Wednesday 17 November 2010

Olympus Cameras - Nice but not naughty

Olympus is the third largest manufacturer of cameras in the world, just behind Sony and Canon. They've got some pretty cool stuff going on what with mirrorless technology in their DSLR and the new PEN sub-brand.

Q: What's the biggest complaint about a DSLR?
A: It's too heavy

What do Olympus do about this? Well they address the problem by developing a compact DSLR and when a photojournalist got hold of it, within 3 months it was awarded camera of the year!

Listening to their sales rep he would have you believe that the straight forward DSLR's days are numbered. Well they may be but I remember how resistent the market actually was when Digital first came out, even when you could prove that costs were saved. It might happen but it won't happen overnight and there will be those purist, fanbois who won't hear a word of it.

Olympus have a strategy for this though, they understand as many camera manufacturers do, that the DSLR users drive the market, although you'll never totally convert the top end. We are going to be seeing a lot of PEN or new generation cameras over the next two years. They want to be clear, it's not a revolution it's an evolution.

Olympus have basically taken the best bits of a compact camera and put them into the DSLR, removing the mirrors and shrinking the lenses. Although, never fear you can still use old lenses using a clever little retro-adaptor.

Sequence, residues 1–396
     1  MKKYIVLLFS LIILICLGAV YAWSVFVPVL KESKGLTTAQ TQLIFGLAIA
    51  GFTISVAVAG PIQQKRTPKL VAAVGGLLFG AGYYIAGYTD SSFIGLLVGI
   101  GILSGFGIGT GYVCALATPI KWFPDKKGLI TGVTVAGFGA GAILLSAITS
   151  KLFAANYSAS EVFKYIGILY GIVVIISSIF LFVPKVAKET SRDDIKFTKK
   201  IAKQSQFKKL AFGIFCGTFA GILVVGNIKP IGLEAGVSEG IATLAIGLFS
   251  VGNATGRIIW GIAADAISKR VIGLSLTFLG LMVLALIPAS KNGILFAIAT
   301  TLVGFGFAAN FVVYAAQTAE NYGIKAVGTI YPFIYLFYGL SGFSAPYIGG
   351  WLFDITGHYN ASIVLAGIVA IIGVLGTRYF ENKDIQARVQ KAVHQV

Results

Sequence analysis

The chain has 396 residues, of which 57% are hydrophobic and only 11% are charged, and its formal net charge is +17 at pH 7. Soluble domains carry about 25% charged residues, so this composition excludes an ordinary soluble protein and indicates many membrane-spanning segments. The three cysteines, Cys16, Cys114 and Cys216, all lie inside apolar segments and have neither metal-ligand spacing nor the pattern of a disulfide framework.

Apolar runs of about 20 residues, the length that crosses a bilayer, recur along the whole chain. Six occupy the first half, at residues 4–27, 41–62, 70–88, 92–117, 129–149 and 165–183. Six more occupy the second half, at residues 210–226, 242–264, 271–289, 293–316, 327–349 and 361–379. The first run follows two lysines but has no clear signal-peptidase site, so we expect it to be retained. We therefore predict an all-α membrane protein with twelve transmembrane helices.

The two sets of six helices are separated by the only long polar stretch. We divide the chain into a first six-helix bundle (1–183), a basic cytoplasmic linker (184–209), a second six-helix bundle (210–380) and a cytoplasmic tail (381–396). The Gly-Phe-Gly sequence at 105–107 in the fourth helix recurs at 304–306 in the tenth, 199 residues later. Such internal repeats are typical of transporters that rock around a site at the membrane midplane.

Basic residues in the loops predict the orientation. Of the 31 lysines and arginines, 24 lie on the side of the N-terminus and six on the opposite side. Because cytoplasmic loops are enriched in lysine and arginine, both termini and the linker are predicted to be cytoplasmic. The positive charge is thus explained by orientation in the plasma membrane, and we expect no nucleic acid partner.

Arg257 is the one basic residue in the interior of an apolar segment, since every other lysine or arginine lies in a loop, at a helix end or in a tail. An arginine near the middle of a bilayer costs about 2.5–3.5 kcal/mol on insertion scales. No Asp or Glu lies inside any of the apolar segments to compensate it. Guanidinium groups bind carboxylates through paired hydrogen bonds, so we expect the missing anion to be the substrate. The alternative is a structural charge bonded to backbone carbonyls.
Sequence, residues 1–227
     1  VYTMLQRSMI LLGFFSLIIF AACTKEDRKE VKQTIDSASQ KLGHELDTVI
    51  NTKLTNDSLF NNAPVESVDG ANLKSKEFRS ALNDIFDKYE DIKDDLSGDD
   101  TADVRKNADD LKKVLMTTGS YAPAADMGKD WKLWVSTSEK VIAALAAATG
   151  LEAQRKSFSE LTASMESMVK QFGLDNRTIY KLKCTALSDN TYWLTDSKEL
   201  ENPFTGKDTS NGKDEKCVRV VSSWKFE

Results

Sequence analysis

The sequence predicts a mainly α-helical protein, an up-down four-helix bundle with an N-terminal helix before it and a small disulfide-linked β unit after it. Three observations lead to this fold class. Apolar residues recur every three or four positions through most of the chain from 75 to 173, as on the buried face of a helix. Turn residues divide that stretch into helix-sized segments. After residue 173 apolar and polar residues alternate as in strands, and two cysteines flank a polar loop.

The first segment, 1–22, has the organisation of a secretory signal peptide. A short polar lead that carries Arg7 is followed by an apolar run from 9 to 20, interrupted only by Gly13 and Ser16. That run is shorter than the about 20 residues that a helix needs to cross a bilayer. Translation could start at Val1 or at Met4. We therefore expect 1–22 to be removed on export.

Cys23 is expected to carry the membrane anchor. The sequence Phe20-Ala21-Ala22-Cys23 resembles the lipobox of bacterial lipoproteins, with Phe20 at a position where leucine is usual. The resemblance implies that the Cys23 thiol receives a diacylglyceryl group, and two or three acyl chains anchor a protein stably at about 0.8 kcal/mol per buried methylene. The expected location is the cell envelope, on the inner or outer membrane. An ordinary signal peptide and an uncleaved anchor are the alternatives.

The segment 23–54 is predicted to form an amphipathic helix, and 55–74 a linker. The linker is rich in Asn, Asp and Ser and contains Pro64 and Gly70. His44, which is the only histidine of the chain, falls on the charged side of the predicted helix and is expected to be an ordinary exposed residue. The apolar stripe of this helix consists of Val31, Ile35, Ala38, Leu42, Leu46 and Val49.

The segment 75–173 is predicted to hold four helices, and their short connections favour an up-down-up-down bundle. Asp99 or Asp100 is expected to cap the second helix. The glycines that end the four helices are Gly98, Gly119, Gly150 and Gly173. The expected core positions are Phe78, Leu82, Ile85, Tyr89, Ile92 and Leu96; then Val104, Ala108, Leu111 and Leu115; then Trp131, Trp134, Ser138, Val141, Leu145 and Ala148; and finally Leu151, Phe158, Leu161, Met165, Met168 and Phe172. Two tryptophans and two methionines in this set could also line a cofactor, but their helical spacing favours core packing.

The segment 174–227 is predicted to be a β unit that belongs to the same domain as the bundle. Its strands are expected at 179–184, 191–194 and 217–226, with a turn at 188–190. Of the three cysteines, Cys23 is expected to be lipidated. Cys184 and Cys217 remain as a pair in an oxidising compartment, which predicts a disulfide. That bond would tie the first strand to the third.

This product is attracting people who want a DSLR but with the benefit of being lightweight and portable whilst not losing any of the quality. So let's introduce the award-winning E-P1 PEN camera.

It has a Hi-Def video which is complemented by Olympus' dedicated, specialist sound manufacturers or their audio division. There is a versatile accessory port so that you can clip on an external microphone. This means you can take it to a gig or record little Gemma's violin recital and play it back in all its earsplitting glory.

You can change from the screen view to an electronic clip-on view-finder which comes as standard with the E-P2 and is an optional extra with the E-P1. It is, apparently the best on the market Diopter.

It has AF tracking (Auto-Focus), an easy to navigate menu system, PCM linear stereo sound and you can activate the video via a button on the back rather than having to try and find it on the menu, when you want to record something quick.

The Image Stabilisation is in the body so any range of lenses can be used with the adapter, without compromising quality. It won't surprise you to know that black is the no. 1 best seller closely followed by silver, then red and oddly in the Channel Islands only, White (If anyone knows why please get in contact).

There is also a pop-up flash, a live guide e.g. light and dark changes and it takes pictures in realtime. There is a choice of menu graduation or colour saturation which is also realtime. One of my fave features is the level gauge with roll and pitch which acts as a spirit level.

It has something called a 'Supersonic Wave Filter Dust Reduction System', which for me is right up there with flux capacitor. It means it cleans itself.

You can get an underwater kit for it and a standard or wireless flash gun. You can also get two adapters to make it backwards compatible.